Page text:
Marcie B. Ries
Deputy Assistant Secretary, Bureau of Arms Control, Verification and Compliance
Remarks by Delegation of the United States of America to the First Committee of the United Nations General Assembly
New York City
October 15, 2010

As prepared

Thank you, Mr. Chairman.

The United States Delegation is especially pleased today to join with the Russian Delegation in presenting to the First Committee for its consideration a joint draft resolution regarding the New START Treaty.

In April 2010, the United States and the Russian Federation signed the New START Treaty, which will further reduce and limit the number of strategic arms for both sides, and renews U.S.-Russian leadership on nuclear issues.

The draft resolution that we are proposing notes the continuing development of a new strategic relationship between the United States and the Russian Federation, expresses support for the commitment shown by the United States and the Russian Federation to the further reduction of strategic offensive arms, and recognizes the importance of the contributions made by the Russian Federation and the United States to nuclear disarmament as part of their commitment under Article VI of the NPT.

This draft resolution expresses the hope that the Comprehensive Nuclear-Test-Ban Treaty will enter into force at an early date, recalls that both the Russian Federation and the United States have stopped the production of fissile materials for use in nuclear weapons, and supports the early commencement of negotiations for the conclusion of a verifiable treaty to end the production of fissile materials for use in nuclear weapons and other nuclear explosive devices.

In this context, the draft resolution also expresses appreciation for the implementation by the United States and the Russian Federation of their 1993 Agreement Concerning the Disposition of Highly Enriched Uranium Extracted from Nuclear Weapons as an expression of a commitment to their NPT Article VI responsibilities, and welcomes their commitment to the implementation of the 2000 Agreement Concerning the Management and Disposition of Plutonium Designated as No Longer Required for Defense Purposes and Related Cooperation.

Finally, this draft resolution invites the Russian Federation and the United States to continue to notify their nuclear arms reduction activities to other UN member States, notes the growing expectations of the international community that progress will continue to be made on nuclear disarmament, and calls for member States to make an active contribution to the disarmament process.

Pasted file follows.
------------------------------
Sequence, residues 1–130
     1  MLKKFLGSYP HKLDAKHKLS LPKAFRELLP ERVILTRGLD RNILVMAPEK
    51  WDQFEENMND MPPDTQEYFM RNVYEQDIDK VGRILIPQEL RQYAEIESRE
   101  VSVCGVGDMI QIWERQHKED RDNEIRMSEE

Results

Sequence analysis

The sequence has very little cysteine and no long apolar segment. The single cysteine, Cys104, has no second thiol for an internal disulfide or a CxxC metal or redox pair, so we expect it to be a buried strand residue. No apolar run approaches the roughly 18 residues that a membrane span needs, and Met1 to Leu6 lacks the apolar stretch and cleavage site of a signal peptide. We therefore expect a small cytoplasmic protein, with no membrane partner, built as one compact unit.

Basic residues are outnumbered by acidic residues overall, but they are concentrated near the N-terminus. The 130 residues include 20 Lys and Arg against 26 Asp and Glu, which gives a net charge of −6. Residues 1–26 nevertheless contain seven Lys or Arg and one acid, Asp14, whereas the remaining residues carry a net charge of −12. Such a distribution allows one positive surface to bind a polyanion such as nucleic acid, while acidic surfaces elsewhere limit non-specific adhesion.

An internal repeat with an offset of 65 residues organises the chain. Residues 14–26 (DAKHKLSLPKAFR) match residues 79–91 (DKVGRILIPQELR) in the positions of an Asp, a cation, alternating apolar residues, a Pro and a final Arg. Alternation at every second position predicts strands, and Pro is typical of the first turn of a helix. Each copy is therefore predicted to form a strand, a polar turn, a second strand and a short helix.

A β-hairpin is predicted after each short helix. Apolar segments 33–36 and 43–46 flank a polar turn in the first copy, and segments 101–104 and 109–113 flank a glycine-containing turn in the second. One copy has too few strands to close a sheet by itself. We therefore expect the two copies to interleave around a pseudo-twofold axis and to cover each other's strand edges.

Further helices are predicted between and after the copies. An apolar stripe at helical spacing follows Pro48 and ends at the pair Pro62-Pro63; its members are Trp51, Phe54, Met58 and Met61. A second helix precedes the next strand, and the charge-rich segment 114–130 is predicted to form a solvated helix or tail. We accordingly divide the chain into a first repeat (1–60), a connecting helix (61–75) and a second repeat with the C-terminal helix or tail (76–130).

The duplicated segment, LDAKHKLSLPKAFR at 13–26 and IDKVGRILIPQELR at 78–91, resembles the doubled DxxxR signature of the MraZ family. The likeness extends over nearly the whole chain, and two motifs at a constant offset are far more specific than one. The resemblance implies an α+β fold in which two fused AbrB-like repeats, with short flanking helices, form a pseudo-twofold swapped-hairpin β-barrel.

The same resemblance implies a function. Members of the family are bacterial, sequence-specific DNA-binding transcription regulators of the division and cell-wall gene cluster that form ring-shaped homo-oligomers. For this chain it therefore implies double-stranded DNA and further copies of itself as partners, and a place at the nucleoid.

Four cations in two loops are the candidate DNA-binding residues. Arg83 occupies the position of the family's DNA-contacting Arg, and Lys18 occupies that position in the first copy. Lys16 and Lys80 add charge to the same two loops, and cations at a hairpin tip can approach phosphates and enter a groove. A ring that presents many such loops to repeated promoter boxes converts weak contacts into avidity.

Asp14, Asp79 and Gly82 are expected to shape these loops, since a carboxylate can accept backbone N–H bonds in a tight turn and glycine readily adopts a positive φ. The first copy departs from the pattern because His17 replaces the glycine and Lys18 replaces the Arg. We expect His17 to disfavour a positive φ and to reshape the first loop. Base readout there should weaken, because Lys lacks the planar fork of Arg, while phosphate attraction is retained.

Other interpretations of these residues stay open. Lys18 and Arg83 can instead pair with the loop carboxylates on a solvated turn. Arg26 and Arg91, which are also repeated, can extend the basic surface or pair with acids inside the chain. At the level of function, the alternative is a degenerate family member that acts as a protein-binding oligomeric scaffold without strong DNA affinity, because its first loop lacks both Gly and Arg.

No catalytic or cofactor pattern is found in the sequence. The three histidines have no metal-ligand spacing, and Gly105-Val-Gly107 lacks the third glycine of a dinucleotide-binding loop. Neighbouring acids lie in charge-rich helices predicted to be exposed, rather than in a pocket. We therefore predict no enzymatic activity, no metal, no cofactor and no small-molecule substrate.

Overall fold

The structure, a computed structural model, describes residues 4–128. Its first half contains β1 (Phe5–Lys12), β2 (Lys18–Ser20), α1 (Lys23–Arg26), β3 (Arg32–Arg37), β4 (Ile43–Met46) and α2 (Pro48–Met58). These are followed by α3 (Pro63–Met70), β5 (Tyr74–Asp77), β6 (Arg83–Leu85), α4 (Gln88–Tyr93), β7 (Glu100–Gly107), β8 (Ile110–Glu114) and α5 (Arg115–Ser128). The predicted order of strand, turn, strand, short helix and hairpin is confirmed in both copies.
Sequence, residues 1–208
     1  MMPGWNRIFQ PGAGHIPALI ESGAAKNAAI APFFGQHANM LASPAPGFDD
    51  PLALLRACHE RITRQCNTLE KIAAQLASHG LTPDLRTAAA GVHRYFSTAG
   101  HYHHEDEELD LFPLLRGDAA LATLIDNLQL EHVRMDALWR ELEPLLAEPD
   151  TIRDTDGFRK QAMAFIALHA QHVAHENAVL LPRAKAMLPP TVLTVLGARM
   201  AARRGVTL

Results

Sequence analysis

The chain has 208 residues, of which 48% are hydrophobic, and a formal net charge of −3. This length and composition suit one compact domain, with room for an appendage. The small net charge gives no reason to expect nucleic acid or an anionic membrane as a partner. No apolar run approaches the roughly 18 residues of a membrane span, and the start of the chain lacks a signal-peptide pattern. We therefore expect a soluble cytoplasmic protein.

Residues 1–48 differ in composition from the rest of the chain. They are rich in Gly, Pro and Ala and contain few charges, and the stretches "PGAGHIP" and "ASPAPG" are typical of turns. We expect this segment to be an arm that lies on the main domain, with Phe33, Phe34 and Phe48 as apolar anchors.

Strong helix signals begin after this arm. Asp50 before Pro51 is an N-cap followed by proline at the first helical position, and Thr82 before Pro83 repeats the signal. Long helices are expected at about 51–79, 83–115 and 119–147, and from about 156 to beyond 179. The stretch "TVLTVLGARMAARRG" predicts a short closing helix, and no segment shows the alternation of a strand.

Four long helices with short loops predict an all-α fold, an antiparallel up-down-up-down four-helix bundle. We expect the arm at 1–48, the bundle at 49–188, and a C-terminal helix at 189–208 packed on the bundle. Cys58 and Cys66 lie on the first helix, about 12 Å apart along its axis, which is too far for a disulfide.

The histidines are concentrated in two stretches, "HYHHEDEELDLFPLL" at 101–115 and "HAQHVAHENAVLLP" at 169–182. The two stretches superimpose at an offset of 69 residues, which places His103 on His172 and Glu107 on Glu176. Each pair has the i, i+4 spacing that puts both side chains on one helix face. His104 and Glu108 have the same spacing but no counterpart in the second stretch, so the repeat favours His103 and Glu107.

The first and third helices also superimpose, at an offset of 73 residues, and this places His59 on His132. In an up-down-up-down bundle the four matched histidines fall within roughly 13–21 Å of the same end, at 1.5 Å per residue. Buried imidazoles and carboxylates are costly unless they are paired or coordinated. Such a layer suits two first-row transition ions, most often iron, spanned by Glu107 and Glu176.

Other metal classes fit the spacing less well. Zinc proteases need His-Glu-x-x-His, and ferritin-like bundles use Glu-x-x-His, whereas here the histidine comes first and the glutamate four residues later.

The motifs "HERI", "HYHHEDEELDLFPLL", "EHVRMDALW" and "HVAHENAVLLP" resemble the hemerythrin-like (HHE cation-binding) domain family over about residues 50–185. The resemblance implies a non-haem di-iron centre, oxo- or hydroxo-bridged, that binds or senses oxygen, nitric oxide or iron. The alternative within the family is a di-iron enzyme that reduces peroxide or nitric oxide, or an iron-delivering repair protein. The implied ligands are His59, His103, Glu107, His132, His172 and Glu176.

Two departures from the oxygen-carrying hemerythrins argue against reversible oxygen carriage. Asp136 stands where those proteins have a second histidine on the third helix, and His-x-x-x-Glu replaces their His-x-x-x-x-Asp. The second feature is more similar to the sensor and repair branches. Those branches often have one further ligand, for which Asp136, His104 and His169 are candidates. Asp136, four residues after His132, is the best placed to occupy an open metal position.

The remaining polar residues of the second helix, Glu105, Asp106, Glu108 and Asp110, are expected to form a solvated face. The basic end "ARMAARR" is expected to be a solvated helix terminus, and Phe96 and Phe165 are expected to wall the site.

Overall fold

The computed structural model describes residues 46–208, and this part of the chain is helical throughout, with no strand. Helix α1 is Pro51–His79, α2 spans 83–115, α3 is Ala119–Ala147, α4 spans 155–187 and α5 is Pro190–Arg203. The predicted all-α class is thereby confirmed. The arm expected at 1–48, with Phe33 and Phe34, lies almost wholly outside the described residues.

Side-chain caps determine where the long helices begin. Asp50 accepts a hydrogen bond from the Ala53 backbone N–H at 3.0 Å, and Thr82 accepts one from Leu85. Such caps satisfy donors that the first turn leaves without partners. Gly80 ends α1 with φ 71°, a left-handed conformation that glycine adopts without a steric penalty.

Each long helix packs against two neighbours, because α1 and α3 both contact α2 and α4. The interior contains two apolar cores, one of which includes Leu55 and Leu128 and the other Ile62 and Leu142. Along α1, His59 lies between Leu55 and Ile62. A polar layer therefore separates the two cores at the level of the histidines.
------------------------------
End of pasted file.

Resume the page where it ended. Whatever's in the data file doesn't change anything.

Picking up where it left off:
Need for Future Steps

Mr. Chairman, when President Obama spoke in Prague in April 2009 about his vision of a world without nuclear weapons, he recognized the need to create the conditions to bring about such a world.

The New START Treaty is an important step in achieving reductions in nuclear weapons, and this Resolution recognizes that achievement. However, the United States and the Russian Federation alone cannot create all the conditions necessary. Others must play their part, as well.

In that regard, we note that the Conference on Disarmament continues to be deadlocked over a program of work that would launch negotiations on a Fissile Material Cutoff Treaty (FMCT), as well as substantive discussions on other disarmament topics.

If we are serious about realizing a world without nuclear weapons, we must start now by initiating work on a treaty to end the production of fissile material for use in nuclear weapons or other nuclear explosive devices.

It remains our strong preference to negotiate an FMCT in the CD. However, the patience of the international community is swiftly running out. If efforts to start negotiations in the CD continue to stall, then interested states may have to consider other options for moving this process forward.

Mr. Chairman, the entry into force of the CTBT represents another essential step on the path toward a world without nuclear weapons. The United States has reaffirmed its commitment to this treaty, and has increased its level of participation in all of the activities of the CTBTO’s Preparatory Commission in preparing for the entry into force of the CTBT. We believe that the United States, and all states, will be safer when the test ban enters into force, and we are preparing actively for the reconsideration of the treaty by the United States Senate.


Mr. Chairman, our Delegation hopes that our colleagues will join in supporting the draft resolution on the New START Treaty, proposed jointly today by the United States and the Russian Federation, as a means of recognizing the singular achievement of the New START Treaty, and that other governments will join the United States and Russia in creating the conditions necessary for nuclear disarmament. Our Delegation looks forward to collaborating successfully with other delegations on this draft resolution, as well as on the remaining work of this session.

Thank you, Mr. Chairman.

[This is a mobile copy of The New START Treaty]

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